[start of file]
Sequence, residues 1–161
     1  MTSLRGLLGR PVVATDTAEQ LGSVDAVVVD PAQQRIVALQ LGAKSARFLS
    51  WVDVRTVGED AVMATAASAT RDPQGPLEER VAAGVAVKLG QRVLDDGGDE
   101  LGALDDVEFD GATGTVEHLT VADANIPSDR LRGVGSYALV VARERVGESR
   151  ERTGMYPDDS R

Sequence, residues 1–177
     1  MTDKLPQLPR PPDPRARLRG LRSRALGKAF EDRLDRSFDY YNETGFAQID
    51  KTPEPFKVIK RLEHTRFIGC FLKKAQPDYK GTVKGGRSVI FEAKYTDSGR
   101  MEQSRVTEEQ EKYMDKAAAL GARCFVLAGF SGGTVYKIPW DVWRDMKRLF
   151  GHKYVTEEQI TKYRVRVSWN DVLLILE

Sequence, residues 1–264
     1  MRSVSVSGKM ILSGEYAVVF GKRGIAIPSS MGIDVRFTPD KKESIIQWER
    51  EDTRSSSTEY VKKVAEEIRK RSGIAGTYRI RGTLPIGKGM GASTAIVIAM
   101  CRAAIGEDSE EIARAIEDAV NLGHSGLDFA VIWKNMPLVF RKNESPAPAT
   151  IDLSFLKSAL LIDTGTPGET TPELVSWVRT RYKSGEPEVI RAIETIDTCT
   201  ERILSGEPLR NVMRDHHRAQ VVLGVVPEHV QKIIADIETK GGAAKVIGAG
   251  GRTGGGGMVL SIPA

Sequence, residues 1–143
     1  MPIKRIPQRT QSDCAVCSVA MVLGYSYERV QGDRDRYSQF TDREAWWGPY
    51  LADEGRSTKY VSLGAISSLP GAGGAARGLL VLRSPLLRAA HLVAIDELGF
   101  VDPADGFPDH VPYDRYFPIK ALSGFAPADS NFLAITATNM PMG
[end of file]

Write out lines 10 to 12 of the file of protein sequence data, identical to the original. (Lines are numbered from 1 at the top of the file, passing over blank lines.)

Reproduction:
   151  GHKYVTEEQI TKYRVRVSWN DVLLILE

Sequence, residues 1–264
     1  MRSVSVSGKM ILSGEYAVVF GKRGIAIPSS MGIDVRFTPD KKESIIQWER